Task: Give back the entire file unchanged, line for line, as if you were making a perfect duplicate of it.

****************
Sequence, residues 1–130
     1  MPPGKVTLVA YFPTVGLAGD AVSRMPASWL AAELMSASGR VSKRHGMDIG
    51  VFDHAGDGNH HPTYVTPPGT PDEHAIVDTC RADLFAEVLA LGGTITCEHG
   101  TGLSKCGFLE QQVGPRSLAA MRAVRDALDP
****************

Sequence, residues 1–130
     1  MPPGKVTLVA YFPTVGLAGD AVSRMPASWL AAELMSASGR VSKRHGMDIG
    51  VFDHAGDGNH HPTYVTPPGT PDEHAIVDTC RADLFAEVLA LGGTITCEHG
   101  TGLSKCGFLE QQVGPRSLAA MRAVRDALDP